January/February 2013 issue of British Archaeology
- THE NESS OF BRODGAR
Nick Card, director of the Orkney dig that has been going for seven years, puts the latest discoveries into context. The neolithic complex was a focus for over a thousand years until 2300BC, and the rare preservation helps to make it one of the most important excavations of its kind in Europe.
- SURPRISE TREASURES FROM FOUNDING ARCHAEOLOGIST
An extraordinary collection of previously unknown records which inform the work of a key 19th archaeologist and collector has come to light. The photos, watercolours, notebooks, documents and letters were created by General Augustus Pitt-Rivers (1827–1900). Anthony Pitt-Rivers, the General’s great-grandson, has donated much of the material to the Pitt Rivers Museum, University of Oxford.
- WHY TIME TEAM HAD TO GO
How was it for you? As Channel 4 is backfills the trenches and releases an army of archaeologists and TV professionals for new ventures, Mike Pitts considers Time Team’s origins, appeal, achievements and demise
- LANDSCAPE OF REMEMBRANCE
For well over a century, Salisbury Plain has been a training ground for soldiers before they went out into the world – at times, often to their deaths. As Chantel Summerfield found, many of them left unexpected mementoes of their presence, carving names into tree bark that have enabled her to track down some of the less celebrated fighters of the last century.
- PILTDOWN: TREASURE OR SHAME?
On December 18 1912 a human fossil was described at the London Geological Society. Its international impact was immediate, and Piltdown Man became an icon of contemporary British culture. In 1953 it was exposed as a grand fraud. A century after the original announcement, should we celebrate the story or bury it? Miles Russell and Matt Pope put the respective cases.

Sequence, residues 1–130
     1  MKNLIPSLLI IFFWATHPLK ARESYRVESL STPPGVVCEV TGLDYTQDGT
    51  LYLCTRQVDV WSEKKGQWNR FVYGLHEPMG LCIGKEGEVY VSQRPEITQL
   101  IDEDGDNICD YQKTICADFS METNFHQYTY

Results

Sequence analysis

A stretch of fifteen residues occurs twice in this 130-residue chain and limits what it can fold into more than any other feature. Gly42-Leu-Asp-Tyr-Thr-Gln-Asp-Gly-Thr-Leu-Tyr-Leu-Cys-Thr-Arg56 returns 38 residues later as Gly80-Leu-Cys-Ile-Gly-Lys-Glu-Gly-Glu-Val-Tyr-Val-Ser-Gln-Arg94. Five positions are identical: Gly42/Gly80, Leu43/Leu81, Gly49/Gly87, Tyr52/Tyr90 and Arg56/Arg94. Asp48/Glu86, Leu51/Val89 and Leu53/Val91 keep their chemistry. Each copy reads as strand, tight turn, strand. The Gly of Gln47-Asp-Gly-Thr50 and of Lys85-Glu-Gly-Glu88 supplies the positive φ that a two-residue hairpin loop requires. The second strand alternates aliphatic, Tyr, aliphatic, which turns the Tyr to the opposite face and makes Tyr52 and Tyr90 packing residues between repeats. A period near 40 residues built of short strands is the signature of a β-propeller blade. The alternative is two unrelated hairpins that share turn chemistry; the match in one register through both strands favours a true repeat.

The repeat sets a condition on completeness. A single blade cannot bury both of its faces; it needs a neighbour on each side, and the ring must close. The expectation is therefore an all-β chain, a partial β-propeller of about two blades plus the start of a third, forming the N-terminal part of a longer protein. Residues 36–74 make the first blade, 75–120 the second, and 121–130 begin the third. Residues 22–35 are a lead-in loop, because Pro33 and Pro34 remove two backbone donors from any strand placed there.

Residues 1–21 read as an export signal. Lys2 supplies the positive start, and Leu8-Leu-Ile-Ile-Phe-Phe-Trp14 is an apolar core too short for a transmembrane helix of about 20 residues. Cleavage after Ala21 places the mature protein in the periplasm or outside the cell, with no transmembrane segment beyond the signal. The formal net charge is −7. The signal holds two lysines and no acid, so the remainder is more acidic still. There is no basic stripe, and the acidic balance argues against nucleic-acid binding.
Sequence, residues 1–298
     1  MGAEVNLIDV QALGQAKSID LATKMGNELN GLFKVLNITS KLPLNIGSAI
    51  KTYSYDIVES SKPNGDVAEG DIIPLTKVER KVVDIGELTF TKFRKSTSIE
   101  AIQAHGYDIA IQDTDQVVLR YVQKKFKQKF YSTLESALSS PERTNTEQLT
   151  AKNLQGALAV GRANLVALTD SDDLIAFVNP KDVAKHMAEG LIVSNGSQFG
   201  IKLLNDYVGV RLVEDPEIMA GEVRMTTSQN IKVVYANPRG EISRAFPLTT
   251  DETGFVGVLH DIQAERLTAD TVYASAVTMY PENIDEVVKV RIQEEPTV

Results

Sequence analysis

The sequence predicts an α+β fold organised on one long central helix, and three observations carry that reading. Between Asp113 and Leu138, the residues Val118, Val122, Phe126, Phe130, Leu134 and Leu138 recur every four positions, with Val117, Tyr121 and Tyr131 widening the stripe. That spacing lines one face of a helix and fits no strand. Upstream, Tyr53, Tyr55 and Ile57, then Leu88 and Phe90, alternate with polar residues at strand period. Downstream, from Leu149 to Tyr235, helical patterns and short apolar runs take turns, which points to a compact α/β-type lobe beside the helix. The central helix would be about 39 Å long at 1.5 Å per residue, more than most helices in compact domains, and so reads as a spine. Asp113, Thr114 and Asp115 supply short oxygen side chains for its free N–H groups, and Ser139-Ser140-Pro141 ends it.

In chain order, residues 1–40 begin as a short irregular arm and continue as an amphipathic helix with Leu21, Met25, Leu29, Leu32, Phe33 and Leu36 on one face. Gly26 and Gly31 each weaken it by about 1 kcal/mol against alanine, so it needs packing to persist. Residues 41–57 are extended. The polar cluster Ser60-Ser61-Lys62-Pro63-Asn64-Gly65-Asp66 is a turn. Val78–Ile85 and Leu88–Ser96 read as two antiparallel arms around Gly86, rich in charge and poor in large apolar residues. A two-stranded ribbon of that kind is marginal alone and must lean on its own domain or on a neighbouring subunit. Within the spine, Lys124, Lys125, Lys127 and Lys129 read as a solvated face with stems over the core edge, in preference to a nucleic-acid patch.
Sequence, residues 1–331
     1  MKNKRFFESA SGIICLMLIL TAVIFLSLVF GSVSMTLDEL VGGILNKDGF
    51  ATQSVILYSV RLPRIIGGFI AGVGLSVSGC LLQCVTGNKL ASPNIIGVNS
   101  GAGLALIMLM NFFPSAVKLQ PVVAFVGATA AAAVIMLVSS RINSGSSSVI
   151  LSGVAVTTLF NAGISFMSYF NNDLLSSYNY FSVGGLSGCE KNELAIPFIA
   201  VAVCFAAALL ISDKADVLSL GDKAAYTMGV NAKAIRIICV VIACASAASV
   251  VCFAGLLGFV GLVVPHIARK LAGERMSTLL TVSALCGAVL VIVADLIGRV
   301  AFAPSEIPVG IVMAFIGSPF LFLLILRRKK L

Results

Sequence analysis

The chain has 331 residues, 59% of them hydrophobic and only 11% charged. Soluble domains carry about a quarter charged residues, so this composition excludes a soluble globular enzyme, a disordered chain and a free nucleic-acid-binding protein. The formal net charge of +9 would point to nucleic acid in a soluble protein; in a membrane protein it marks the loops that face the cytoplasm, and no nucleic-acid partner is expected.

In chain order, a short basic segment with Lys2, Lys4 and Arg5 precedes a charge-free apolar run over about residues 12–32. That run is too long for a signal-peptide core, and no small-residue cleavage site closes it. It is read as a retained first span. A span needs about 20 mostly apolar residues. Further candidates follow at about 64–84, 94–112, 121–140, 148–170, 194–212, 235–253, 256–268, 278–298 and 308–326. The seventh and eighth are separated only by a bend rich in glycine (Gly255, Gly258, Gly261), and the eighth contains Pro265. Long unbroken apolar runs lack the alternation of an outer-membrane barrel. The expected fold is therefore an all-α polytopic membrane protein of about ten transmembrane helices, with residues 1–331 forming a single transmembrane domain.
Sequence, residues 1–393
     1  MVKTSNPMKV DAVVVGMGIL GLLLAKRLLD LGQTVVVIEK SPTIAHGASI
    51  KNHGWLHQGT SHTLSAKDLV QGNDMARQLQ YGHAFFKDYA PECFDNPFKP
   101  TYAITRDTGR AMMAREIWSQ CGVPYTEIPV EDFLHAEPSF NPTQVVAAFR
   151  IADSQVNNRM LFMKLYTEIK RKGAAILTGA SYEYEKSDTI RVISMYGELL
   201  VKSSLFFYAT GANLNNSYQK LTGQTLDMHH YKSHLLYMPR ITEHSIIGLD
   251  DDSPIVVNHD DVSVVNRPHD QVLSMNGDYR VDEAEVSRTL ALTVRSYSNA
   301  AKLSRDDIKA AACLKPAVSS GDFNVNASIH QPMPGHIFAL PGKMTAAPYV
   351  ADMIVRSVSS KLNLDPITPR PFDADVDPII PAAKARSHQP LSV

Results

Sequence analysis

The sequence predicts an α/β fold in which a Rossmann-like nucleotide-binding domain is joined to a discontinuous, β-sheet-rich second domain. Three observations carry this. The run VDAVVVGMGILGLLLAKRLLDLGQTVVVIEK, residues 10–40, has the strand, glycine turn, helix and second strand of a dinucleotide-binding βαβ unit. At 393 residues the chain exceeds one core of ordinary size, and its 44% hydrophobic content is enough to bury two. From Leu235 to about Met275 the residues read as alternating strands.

- COMMON PEOPLE
Doing things by committee, a belief that we all have a right to be heard on issues from how the BBC to the NHS should be run – consensus in decision-making is a British habit. It may all, says Susan Oosthuizen, go back to how prehistoric people managed their land
- THE CAULDRONS FROM CHISELDON
In 2004 a detectorist found scraps of metal in Wiltshire that excavation revealed to have come from at least 13 iron age cauldrons – the largest group of its kind ever seen from Europe. Our feature describes the conservation and investigation of this extraordinary discovery, still underway at the British Museum
- SCOTTISH HUNTERS LEFT WOLF PELT AT HOME
Archaeologists have excavated what over 10,000 years ago was a house built by hunter-gatherers beside the river Forth. Other nearby structures confirm the impression that this was a place where people worked as well as slept and ate, and unusual finds for this age include animal bones.
Plus regular features
- Mick’s travels
Mick Aston digs up his garden
Does our government really want children to be taught from a text book that says Stonehenge was built by an Anglo-Saxon wizard?
- Greg Bailey on TV
The screen battle between neanderthals and modern humans
Kent wants the Staffordshire hoard back
- My archaeology
Chronicle director David Collison remembers television’s thinking days
Anglo-Saxon art and English battlefields
The UK’s only archaeological events listing, with exhibition reviews
A year of listed building casework
The Great Grimsby Ice Factory